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Phospholipids that make a difference to filet quality and quantity


he nutritional quality of larvae diets affects fishes’ fillet quality and quantity. Studies show that phospholipids increase fish larvae growth and development; so phospholipids are an essential component of the early weaning diet. During embryo and larval development, yolk sac lipids or wild prey provide young fish with ample amount of phospholipids. In fish larvae diets, the aim is to provide larvae nutrition and an effective diet that substitutes live prey as early as possible during the larval development. Scientists have studied the effectiveness of phospholipids including those derived from soybean lecithin and dietary marine phospholipids from krill. Krill phospholipids, rich on docosahexaenoic acid (DHA), eicosapentaenoic acid (EPA), have a positive effect on larvae performance and development, which makes a difference later to filet quality and quantity.

Phospholipids: a core component to larvae development

Studies have shown that dietary phospholipids improve culture performance, enhance growth and increase the survival of various freshwater and marine species including ayu (Plecoglossus altivelis), carp (Cyprinus carpio), Japanese flounder (Paralichthys olivaceous), knife jaw (Oplegnatus fasciatus) and red seabream (Pagrus major). Phospholipids also reduce incidents of skeletal deformities in larvae and early juveniles, and increases fish resistance to stress. Phospholipids are the main structural component of cell membranes, tissues and are vital organ development. They especially play a vital role in the development of organs including the digestive system. Dietary phospholipids play a contributing role to the assimilation of dietary lipids; increase the efficiency of transporting dietary fatty acids and lipid from the gut to the rest of the body. So adding phospholipids to larval diets has unique benefits to the development of larvae, juveniles and fishes later in life.

Efficient and effective krill phospholipids

Phospholipids include a large group of compounds, and the lipid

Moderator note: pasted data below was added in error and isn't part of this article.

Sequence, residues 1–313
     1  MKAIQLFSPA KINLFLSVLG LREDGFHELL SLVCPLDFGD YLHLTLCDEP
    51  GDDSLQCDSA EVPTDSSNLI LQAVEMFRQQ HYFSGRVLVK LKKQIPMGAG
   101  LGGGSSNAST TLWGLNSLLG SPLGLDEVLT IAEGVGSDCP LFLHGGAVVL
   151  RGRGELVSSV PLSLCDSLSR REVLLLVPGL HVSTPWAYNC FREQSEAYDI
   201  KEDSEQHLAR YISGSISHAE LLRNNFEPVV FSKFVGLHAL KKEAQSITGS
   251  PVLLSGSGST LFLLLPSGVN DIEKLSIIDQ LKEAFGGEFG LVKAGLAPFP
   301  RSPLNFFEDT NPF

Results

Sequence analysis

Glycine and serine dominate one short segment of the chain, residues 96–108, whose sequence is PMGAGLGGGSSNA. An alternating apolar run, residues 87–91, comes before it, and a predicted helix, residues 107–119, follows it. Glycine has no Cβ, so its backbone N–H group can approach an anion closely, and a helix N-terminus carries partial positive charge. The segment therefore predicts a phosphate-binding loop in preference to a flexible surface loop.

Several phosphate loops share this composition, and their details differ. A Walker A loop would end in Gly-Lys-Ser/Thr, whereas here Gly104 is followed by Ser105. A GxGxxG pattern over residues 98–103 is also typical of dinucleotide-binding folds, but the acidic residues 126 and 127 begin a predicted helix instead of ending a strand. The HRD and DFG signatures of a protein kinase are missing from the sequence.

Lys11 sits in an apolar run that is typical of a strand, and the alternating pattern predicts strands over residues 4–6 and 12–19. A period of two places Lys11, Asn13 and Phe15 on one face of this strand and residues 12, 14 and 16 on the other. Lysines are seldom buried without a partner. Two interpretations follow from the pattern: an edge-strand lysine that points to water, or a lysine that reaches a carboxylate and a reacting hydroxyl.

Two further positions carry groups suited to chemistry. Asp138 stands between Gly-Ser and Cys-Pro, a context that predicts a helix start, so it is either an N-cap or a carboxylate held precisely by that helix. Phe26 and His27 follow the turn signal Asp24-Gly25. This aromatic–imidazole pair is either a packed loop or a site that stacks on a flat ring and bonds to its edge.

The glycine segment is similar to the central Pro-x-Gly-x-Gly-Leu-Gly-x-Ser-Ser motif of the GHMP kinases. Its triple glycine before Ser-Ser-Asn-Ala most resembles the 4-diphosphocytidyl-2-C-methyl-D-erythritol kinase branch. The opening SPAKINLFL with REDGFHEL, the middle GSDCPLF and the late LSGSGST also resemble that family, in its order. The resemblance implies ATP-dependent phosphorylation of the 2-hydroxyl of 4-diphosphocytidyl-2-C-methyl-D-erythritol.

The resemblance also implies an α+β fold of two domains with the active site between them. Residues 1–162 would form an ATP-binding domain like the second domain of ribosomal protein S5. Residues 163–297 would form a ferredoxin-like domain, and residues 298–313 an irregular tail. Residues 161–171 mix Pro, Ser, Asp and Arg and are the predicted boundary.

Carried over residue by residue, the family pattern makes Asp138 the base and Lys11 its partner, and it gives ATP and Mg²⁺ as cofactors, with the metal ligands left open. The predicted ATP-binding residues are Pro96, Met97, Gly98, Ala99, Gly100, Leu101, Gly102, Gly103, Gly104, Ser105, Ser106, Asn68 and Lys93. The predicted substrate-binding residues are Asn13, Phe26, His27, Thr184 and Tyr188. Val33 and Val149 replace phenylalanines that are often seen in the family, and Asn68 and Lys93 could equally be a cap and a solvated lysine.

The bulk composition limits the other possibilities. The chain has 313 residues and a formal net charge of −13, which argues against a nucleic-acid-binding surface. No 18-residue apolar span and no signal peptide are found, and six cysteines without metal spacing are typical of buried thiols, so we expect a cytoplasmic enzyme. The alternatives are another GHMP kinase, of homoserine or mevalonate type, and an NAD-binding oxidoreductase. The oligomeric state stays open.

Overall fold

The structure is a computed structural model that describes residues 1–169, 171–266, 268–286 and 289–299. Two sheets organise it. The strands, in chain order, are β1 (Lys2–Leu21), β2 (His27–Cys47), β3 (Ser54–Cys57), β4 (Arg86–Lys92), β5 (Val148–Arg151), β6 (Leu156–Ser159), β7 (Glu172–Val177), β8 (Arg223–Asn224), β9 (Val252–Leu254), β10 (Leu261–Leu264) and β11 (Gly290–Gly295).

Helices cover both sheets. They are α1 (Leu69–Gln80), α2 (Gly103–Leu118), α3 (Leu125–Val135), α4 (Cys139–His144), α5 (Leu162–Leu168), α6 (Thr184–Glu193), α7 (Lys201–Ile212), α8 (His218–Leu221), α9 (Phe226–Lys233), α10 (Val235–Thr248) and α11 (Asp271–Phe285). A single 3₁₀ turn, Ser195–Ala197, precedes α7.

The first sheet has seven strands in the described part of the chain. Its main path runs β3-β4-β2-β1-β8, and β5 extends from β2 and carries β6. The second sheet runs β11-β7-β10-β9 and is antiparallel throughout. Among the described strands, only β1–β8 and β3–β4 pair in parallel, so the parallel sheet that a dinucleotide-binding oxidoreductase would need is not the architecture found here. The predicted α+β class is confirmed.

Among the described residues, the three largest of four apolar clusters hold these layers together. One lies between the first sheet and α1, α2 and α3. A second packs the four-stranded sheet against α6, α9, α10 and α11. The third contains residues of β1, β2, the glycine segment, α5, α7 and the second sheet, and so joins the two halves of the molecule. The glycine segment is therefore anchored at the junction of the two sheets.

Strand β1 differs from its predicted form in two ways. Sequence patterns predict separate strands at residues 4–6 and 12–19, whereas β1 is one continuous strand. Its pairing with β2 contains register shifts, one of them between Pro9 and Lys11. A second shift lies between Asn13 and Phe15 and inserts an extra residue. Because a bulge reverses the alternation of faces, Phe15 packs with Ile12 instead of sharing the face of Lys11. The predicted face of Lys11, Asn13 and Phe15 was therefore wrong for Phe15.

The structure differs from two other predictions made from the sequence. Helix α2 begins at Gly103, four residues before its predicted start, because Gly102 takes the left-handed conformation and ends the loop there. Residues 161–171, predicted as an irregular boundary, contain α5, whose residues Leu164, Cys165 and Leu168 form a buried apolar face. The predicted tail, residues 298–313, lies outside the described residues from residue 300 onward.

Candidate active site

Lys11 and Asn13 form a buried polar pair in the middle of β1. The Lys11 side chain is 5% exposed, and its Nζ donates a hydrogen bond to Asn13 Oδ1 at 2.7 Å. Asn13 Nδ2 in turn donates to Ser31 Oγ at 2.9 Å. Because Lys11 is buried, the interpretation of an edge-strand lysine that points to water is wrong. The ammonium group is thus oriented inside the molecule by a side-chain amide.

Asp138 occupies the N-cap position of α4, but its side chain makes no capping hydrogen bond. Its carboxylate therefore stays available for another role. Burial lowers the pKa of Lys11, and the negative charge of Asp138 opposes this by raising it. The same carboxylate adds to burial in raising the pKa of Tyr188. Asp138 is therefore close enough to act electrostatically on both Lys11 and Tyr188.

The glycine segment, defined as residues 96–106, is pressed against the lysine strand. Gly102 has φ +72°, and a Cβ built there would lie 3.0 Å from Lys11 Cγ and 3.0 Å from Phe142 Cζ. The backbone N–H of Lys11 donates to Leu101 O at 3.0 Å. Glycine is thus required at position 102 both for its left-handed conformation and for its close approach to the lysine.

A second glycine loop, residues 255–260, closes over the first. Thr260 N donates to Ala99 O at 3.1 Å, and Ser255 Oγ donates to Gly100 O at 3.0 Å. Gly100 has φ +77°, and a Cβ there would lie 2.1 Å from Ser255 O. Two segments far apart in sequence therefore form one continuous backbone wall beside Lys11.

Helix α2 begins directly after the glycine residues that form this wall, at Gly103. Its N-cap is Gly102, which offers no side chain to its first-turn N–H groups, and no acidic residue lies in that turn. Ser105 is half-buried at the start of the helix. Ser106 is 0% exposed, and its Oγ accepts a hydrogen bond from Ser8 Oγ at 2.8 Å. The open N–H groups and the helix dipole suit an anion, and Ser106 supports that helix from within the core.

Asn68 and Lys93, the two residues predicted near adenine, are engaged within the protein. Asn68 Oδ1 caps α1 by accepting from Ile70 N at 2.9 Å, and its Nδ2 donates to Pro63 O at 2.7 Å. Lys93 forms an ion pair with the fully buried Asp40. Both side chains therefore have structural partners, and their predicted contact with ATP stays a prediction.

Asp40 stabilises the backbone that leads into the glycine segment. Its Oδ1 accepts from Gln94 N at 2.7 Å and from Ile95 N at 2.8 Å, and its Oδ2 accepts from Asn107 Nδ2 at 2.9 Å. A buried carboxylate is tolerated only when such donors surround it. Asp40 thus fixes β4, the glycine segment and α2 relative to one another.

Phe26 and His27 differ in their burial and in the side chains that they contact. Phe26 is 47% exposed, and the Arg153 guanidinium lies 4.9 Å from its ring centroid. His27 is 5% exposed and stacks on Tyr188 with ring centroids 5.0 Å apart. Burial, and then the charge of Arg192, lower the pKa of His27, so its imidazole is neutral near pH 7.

classes as well as the fatty acid content determine their effectiveness. Studies show that dietary marine phospholipids, in comparison to soybean lecithin, improve culture performance. Three recent studies indicate the different benefits of this form of phospholipid. In the first study, scientists compared the effect of krill phospholipid to soybean lecithin in micro diets for gilthead seabream larvae on molecular markers of antioxidative metabolism and bone development. The results from the studies show that marine phospholipids have a higher effectiveness in promoting survival, growth and skeletal mineralization of gilthead seabream larvae in comparison with soybean lecithin, regardless of the dietary phospholipid level (R.Saleh, M.B. Betancor, J.Roo, V. Benitez-Dorta, M. J. Zamorano, J.G. Bell and M. Izquierdo, 2014). The study was conducted as follows. Scientists fed larvae, from 16 to 44 days post hatching, three levels of phospholipids from marine phospholipid and soybean lecithin (50, 70 and 90 g kg-1). The increase of up to 70 g kg-1 marine phospholipid was enough to see and improve larval gilthead seabream performance and even the highest level of soybean lecithin (90 g kg-1) was unable to provide similar successful results. However, larvae that were fed diets without phospholipid supplements, also known as the control diet, showed a very low survival rate. This indicates that phospholipids are an essential competent of the natal diet. Despite increasing soybean lecithin up to 90 g kg-1 to improve larval survival, stress resistance, growth and skeletal development, the results showed that dietary marine phospholipid was more effective in promoting these parameters. Krill phospholipids’ higher content in PC, LPC, ARA, antioxidants factors such as carotenoids (astaxanthin) eicosapentaenoic acid (EPA), and docosahexaenoic acid (DHA), promotes digestion, transport and deposition of dietary lipids, and contributes to reduce skeletal anomalies. The study also showed that krill phospholipids affect skeleton malfunction, bone mineralization, biochemical composition, oxidative status and selected genes expression. Just like the results from other studies, by increasing marine phospholipids in species such as Atlantic cod (Gadus morhua) and European sea bass (D. labrax), larvae growth increases.

24 | March | April 2016 - International Aquafeed

Mar | Apr 2016 - International Aquafeed